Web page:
I don't expect footballers, despite their outrageous salaries, to be intellectuals or even to be above average intelligence. However, I do expect them to understand the rules of football, especially the "do not's" and to be football "street-wise" with regard to provocation, and control of emotion. It is not much too ask for in my opinion.

Mbia behaviour was simply plain stupid. Again we pushed the self destruct button and Arsenal were able, with an elememt of luck, to take advantage. A real case of “déjà vu".

Neil_SI added 09:01 - Oct 29
I am not actually convinced that their goal was offside, having seen the footage back. Jamie Mackie was wearing the same coloured boots as Ryan Nelsen, so perhaps they got confused who was who?

But Mackie is actually by the byline, defending the original cross into the box, so it's possible he played them all on. They were all on as the cross went in and for the original header, but possibly at the last moment, Arteta may have been offside, but not twice I don't think, as has been claimed. Mackie didn't go off the pitch though.

The highlights confirmed much how I felt about the game. We didn't really do a lot in defence or attack as we just didn't have the ball. Arsenal could have used it a little better in the final third, but they always had some kind of control and find space between our defensive and midfield units and César really had a blinder.

Arsenal should be disappointed they didn't add to their one goal, they certainly had more than just the Santi Carzola chance as Mark Hughes put it, though, we really did have a couple of amazing opportunities at the end to snatch something. A shame that we couldn't but I think the 1-0 was pretty fair.

nadera78 added 09:07 - Oct 29
If, as Hughes has been doing, you want to set up for a draw then not only do you need hardworking players but you also need to be able to hold onto the ball. Which makes the sidelining of Faurlin even more bizarre, because he keeps possession better than anyone. He also works hard, tackles well, wins headers, and has never once looked like being sent off.

Still, Park and SWP run around a lot.

highlandbill added 09:14 - Oct 29
I guess we are all fed up. The early season expectations are long gone and as I walk up Blomfontein I have little feeling of excitement, instead I approach each game with some trepedation. How long is it since we REALLY enjoyed a game?
Holding Chelsea was good but hardly a thriller. Football is supposed to be entertainment for Gods sake! Its like watching a much loved child fail all their exams. We have some super players (many of the bottom half clubs have team sheets which ring very few bells) and yet the manager seems totally incapable of sending them out with the passion ,speed & grit which we expect. For me Ryan Nelsen embodies everything I want & admire in football, he gives 110% of what he is able to give and does it fairly and sportingly. If only the manager contributed similarly. He is grim,gray and gormless, I really hope this changes for the next 3 games and we find ourselves with 10 points before the Man U. fixture. I dont like him but I am desperate for us to avoid a change of boss. I reckon whats keeping him in a job is Fernades awareness of how much it will cost to replace him. For this reason ,I suspect he will stay ,right up to Man U, but if we still bottom he will then go.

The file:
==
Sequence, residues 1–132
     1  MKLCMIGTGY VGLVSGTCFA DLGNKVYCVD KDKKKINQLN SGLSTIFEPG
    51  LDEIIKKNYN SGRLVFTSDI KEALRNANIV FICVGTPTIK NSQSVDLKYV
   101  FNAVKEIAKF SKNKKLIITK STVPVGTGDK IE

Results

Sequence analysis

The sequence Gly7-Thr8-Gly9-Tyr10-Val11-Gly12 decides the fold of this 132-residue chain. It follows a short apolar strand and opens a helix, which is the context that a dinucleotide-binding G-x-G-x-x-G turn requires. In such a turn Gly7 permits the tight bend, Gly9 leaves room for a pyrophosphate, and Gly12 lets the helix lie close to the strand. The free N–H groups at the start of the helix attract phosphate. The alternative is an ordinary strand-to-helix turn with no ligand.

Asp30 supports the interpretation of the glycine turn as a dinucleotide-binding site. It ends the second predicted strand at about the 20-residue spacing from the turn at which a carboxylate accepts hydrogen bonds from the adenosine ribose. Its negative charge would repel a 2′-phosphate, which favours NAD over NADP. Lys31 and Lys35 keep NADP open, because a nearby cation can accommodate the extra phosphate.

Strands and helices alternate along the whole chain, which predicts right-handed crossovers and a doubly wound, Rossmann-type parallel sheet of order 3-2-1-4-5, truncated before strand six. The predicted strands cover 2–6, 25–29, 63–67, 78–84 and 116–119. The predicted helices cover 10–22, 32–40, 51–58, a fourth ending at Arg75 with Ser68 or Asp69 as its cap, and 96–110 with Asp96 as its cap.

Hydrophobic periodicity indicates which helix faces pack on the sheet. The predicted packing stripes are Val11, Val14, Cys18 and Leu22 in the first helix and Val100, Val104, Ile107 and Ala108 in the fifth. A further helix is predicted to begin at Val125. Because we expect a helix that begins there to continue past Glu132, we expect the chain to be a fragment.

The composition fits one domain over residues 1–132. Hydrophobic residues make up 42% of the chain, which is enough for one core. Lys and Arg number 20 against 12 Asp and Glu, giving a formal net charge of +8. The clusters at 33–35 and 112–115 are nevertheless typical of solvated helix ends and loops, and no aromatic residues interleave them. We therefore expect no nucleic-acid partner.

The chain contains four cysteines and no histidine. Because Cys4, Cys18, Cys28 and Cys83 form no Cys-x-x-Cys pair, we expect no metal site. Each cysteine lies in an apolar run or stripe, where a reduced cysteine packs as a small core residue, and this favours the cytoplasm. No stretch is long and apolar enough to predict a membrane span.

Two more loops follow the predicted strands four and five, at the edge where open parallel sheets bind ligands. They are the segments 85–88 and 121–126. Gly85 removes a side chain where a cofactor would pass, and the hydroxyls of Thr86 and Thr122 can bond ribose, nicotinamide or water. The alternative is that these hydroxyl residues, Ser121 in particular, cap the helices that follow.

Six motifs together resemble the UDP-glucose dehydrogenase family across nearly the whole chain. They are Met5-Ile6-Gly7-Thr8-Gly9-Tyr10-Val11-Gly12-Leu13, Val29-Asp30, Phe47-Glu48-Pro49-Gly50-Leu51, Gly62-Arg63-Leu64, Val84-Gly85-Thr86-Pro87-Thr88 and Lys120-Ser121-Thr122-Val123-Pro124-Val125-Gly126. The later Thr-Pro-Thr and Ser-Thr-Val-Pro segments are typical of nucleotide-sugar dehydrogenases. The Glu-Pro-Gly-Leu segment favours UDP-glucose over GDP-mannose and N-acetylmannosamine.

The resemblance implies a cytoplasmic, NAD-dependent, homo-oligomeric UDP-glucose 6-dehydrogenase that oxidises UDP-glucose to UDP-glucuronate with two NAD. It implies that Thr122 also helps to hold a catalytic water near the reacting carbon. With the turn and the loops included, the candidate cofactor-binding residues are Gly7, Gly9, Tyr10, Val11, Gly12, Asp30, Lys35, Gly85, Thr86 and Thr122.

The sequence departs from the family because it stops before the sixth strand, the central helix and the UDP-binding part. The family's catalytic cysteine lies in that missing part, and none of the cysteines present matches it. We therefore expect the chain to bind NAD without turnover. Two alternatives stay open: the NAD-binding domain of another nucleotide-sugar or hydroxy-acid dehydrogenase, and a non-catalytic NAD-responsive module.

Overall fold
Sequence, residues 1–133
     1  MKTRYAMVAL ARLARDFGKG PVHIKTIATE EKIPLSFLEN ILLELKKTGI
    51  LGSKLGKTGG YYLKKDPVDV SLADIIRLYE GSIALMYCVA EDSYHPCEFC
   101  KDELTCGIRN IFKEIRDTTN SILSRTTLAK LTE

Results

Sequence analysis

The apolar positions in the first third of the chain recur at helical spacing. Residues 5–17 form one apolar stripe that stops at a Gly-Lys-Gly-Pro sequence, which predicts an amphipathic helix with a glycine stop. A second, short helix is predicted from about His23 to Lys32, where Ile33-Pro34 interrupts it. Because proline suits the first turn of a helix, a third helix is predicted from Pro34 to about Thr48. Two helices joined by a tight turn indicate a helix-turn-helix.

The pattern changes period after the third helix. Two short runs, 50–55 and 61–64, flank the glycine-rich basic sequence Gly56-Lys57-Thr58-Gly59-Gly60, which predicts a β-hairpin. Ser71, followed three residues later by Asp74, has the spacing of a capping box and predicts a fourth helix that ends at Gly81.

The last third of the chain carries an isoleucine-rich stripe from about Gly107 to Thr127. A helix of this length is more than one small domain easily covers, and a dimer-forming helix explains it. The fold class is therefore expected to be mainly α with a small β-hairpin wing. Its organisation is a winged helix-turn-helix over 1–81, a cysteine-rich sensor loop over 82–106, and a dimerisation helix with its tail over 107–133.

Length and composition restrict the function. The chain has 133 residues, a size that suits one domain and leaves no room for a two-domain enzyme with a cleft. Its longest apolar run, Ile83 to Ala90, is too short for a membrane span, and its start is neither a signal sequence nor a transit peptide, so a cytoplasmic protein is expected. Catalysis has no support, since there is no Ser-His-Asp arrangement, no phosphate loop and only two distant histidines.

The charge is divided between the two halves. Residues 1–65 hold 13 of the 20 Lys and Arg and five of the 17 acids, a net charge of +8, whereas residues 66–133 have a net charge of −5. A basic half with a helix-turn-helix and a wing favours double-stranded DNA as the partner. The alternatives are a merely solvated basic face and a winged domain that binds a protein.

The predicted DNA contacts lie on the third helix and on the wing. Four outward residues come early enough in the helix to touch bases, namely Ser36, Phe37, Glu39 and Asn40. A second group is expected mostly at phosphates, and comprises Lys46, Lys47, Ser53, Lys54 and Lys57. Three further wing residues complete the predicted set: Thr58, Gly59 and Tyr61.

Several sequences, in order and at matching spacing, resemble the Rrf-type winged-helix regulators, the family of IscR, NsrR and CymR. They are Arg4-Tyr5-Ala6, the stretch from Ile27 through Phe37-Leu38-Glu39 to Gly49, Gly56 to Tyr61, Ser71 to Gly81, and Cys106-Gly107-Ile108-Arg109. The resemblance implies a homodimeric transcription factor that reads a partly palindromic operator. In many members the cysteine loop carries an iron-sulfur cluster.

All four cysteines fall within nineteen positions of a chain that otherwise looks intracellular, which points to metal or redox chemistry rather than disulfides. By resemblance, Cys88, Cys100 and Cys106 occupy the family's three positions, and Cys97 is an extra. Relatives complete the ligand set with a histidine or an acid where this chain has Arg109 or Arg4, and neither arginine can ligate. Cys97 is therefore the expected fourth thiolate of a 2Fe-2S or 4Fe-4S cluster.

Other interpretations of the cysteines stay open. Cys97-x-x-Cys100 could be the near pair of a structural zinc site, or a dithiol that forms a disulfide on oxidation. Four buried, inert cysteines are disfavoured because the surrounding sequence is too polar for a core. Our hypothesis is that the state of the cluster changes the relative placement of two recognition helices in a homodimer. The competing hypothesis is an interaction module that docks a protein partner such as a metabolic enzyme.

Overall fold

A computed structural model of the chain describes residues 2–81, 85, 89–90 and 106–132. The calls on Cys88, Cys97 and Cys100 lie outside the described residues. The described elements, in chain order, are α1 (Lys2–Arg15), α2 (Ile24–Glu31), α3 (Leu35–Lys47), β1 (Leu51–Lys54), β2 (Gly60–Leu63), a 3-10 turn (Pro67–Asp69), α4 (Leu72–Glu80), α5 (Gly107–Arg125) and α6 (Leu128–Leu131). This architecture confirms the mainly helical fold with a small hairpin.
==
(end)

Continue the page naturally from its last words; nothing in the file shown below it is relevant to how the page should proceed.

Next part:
Nice to see Chelsea do well yesterday!

HastingsRanger added 09:59 - Oct 29
Agree totally with Highlandbill here. Nelson is another Derry mold and the team needs this.

I still don't get SWP being in the team at all - it just seems to weaken it from the off. And I am really concerned that MH just doesn't have tactical nous. He's attracted and created great promise with this team but the perpetual backs-against-the-wall away tactic (0-0 is the best hope and is never achieved) leaves us too heavily depending on home form. I don't really want more change but at this stage last season, we were considerably better placed. The pressure is really on in the next game, as a failure to win really puts the heat on. And sadly, I can only see a draw there, after the weaknesses exposed in the league cup. It feels like last April already!!

ozranger added 11:10 - Oct 29
First off, sorry Neil but Arteta was offside, twice. It is just that the second one was not with the goal, but another shot where he was standing in an offside position right in front of the Julio Cesar and split his legs to allow the shot to go through. According to the ROTG Arteta was interfering with play. With the goal, in one of the TV replays Mackie was a clear one metre from the goal line when the ball was played forward towards Arteta.

Now, it is hard not to ask the simple question, that being which part of the p*ss-weak media in London is going to ask Hughes why he continuously plays SWP instead of a real player? Time and time again I go searching through the media and find that there is excuse after excuse and that the players are taking the blame, etc. But where are the real hard questions? Is it because NOTW no longer exists? Why am I harping on this? We may be able to leave our opinions here, but does Hughes read them or anyone of any real importance at QPR? If the real media wrote what we are saying, then just maybe something would be done. Without any real criticism, Hughes will continue to push out SWP and other non-performing stars and get away with it.